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 risklotus August 21, 2008 03:33

Hi all:

I am new in CFD area and try to write my own codes. Right now, I try to verify my 1D Navier-Stokes code but I barely can find a existing case to compare with. I want to ask you guys where to find these resources? Thanks.

Another question is that is there a method called finite difference-control volume method? I just know finite difference or finite volume methods. But the book I am reading uses "finite difference-control volume method" to discretize the governing eqs. I want to ask this is finite difference method or finite volume method or neither? Thanks.

 Jed August 21, 2008 04:18

Re: How to verify your codes

This reference provides a fantastic perspective. Just pick a velocity field (I assume you are doing compressible flow since 1D incompressible flow is boring) and differentiate it to get the distributed load required for an exact solution. Choose the boundary conditions by the exact solution (any type works) and check for convergence rates.

@article{roache2002cvm, title={{Code Verification by the Method of Manufactured Solutions}}, author={Roache, P.J.}, journal={Journal of Fluids Engineering}, volume={124}, pages={4}, year={2002}, publisher={ASME} }

In 1D, it is both (and finite element while we're at it).

 risklotus August 21, 2008 14:56

Re: How to verify your codes

Thanks Jed. I have checked this article. It's a good article, but do you have any idea about 1D Navier-Stokes verification. I think I can verify Burger eq. but for coupling pressure gradient term, I am not sure whether I applied SIMPLE correct or not. Thanks

 su August 21, 2008 15:17

Re: How to verify your codes

 Jed August 22, 2008 05:18

Re: How to verify your codes

Incompressible flow in 1D is boring because all flows are constant, therefore I'll assume we can have a mass source term. This example is a steady state flow, but you can add time dependence.

Choose solutions u and p. They can be almost anything, but preferably with nontrivial derivatives:

u = atan(x)

p = tanh(x)

differentiate to get a distributed force:

f = rho * u * u_x - eta * u_xx + p_x

f = sech^2(x) + rho*atan(x)/(1+x^2) + 2*eta*x/(1+x^2)^2

differentiate to get a mass source:

g = rho*u_x

g = rho / (1+x^2)

You now have an exact solution to a completely nontrivial 1D flow. For boundary conditions, use the manufactured solutions (Dirichlet) or differentiate them (Neumann).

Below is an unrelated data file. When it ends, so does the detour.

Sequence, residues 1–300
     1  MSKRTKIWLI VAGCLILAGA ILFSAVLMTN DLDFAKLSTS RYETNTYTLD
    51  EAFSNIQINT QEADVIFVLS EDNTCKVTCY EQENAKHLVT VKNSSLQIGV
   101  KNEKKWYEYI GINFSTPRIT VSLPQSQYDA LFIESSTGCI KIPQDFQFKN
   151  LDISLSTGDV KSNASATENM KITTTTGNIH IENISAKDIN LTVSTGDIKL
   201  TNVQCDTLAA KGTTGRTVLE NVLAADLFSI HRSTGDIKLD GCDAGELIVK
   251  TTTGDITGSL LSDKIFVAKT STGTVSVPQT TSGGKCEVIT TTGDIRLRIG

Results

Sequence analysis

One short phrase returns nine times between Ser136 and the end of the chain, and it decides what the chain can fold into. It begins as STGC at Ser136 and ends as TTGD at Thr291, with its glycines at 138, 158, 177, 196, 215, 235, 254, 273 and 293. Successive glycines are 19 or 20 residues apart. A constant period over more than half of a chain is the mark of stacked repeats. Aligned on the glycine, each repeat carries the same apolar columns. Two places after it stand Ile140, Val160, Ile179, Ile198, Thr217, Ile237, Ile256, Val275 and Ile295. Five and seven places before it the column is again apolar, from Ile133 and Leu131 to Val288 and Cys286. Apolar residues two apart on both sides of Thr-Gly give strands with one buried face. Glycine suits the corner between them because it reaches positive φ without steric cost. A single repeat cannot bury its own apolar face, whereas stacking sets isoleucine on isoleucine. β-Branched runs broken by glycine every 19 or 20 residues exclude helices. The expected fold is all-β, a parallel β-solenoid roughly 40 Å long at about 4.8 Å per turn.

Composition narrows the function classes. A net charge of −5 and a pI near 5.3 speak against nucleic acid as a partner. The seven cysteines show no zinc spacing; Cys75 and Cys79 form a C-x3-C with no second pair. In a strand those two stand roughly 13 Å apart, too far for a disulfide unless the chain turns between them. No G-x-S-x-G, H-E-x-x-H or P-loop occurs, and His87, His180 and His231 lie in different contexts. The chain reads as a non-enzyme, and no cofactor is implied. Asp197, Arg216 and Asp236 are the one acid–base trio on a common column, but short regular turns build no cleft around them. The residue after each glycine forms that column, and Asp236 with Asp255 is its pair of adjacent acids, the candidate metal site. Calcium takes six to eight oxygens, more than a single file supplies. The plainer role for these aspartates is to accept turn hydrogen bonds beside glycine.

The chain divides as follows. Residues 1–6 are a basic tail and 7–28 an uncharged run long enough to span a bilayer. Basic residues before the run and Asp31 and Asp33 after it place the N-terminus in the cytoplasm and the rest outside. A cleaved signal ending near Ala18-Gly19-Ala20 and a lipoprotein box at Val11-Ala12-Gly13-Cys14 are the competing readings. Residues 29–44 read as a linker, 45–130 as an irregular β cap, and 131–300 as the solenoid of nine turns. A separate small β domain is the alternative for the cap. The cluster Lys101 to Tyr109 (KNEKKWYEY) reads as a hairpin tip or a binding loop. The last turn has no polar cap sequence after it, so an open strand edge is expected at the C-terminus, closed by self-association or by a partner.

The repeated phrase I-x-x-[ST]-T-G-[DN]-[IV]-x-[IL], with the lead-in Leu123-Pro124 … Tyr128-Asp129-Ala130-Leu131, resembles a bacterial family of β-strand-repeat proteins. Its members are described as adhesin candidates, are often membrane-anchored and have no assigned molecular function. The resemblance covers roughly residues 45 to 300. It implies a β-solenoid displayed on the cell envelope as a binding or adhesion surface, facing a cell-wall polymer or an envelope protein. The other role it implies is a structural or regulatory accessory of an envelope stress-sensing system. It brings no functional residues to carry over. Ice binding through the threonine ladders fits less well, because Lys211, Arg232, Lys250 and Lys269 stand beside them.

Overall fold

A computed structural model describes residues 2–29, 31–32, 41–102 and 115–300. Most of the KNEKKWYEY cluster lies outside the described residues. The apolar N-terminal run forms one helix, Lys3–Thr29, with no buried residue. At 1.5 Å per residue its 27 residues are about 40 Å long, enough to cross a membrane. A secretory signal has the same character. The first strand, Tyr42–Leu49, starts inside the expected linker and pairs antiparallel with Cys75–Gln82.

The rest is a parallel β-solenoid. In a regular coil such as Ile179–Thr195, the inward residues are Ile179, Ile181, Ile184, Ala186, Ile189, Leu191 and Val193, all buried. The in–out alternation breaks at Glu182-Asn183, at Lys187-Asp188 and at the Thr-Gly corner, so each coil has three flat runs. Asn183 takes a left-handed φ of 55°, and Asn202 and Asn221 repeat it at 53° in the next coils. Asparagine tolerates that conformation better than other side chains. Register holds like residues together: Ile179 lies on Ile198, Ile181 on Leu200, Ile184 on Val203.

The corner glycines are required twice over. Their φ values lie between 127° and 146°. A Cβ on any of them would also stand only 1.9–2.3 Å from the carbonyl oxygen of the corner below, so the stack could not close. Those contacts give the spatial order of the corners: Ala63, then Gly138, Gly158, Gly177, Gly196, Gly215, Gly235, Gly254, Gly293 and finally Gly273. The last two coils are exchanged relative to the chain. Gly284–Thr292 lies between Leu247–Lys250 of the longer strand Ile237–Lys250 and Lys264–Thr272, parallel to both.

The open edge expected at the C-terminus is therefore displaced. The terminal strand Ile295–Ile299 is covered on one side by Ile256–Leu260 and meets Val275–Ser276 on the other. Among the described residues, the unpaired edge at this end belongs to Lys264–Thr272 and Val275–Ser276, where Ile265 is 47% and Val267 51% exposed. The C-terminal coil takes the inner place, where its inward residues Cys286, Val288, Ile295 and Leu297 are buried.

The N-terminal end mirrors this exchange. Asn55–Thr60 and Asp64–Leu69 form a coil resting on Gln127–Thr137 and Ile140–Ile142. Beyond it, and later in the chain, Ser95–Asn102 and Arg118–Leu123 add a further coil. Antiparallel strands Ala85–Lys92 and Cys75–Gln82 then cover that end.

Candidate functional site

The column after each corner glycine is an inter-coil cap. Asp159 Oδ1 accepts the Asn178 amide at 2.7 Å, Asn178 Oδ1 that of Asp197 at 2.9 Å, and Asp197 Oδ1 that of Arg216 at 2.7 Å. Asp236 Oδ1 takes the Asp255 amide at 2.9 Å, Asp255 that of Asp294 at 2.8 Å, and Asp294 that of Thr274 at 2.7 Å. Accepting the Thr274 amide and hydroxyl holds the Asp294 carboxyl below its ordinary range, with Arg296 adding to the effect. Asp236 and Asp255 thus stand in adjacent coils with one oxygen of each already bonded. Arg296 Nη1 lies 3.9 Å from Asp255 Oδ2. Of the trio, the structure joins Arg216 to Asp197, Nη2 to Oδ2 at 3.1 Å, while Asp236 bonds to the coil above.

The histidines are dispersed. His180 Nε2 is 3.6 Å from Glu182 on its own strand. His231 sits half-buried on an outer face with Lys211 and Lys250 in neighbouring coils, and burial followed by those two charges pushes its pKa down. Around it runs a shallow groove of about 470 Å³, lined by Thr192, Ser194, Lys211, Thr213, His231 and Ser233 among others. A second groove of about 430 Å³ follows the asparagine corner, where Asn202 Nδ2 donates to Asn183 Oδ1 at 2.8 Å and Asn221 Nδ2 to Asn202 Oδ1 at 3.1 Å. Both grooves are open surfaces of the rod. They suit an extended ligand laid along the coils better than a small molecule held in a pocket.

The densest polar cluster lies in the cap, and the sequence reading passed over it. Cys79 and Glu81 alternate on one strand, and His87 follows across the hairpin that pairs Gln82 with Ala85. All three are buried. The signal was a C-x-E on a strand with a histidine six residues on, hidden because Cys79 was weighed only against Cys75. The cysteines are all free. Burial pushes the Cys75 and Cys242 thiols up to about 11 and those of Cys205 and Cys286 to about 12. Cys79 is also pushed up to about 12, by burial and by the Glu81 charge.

If you want to satisfy incompressibility, then just choose u to be a divergence free field. A canonical source of such fields is the curl of an arbitrary vector field. So pick a vector potential A arbitrarily and use u=curl(A) as a solution function. Then pick pressure arbitrarily (some calculus will tell you how to choose p so as to minimize the forcing term if that is of concern to you.

 Vasilis September 2, 2008 10:54

Re: How to verify your codes

The simplest way to verify your solution is to increase the number of elements (or points or unknowns) and compare the two solutions. If there is a good agreement then your code has converged to the correct solution.

 Hendrik September 3, 2008 11:53

Re: How to verify your codes

No it says nothing about the correctness of a solution.

The beauty of Roache's work is that it is so fundamental. If your code is based on a second order in space scheme (O(h^2), or second order in time, or third order whatever) then by increasing the number of cells/elements the solution has to approach the final value linearly when plotting against h^2 (and the "final value" is simple the extrapolated result when h=0). If the code doesnot exhibit this behaviour than something is wrong somewhere. If it does than you'll have "verified" the code (it does what you planned when solving the equations). A different question is if these were the "correct equations"; that's called "validation".

But there's a catch, several actually: when the mesh is too coarse then the solution will not approach a result asymptotically (or you are not fine enough). When using schemes which switch according to a Peclet number, Courant number or any other flow state, then, again, there's no asymptotical behaviour. Finally when your mesh is very, very fine, and your Reynolds number is increased than you'll have the danger of natural instability and then a converged steady-state solution is not possible anymore.

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